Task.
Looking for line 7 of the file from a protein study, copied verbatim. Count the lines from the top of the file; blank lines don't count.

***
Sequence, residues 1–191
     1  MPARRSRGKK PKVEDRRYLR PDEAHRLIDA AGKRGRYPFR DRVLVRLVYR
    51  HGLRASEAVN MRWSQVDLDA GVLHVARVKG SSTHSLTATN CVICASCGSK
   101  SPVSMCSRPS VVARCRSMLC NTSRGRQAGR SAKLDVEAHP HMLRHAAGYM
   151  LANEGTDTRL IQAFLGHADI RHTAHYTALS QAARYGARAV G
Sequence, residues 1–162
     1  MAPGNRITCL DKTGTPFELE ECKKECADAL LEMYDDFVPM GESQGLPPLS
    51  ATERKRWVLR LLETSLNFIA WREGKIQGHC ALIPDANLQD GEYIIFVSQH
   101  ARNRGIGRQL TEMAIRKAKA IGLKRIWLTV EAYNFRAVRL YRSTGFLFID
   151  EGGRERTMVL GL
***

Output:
     1  MAPGNRITCL DKTGTPFELE ECKKECADAL LEMYDDFVPM GESQGLPPLS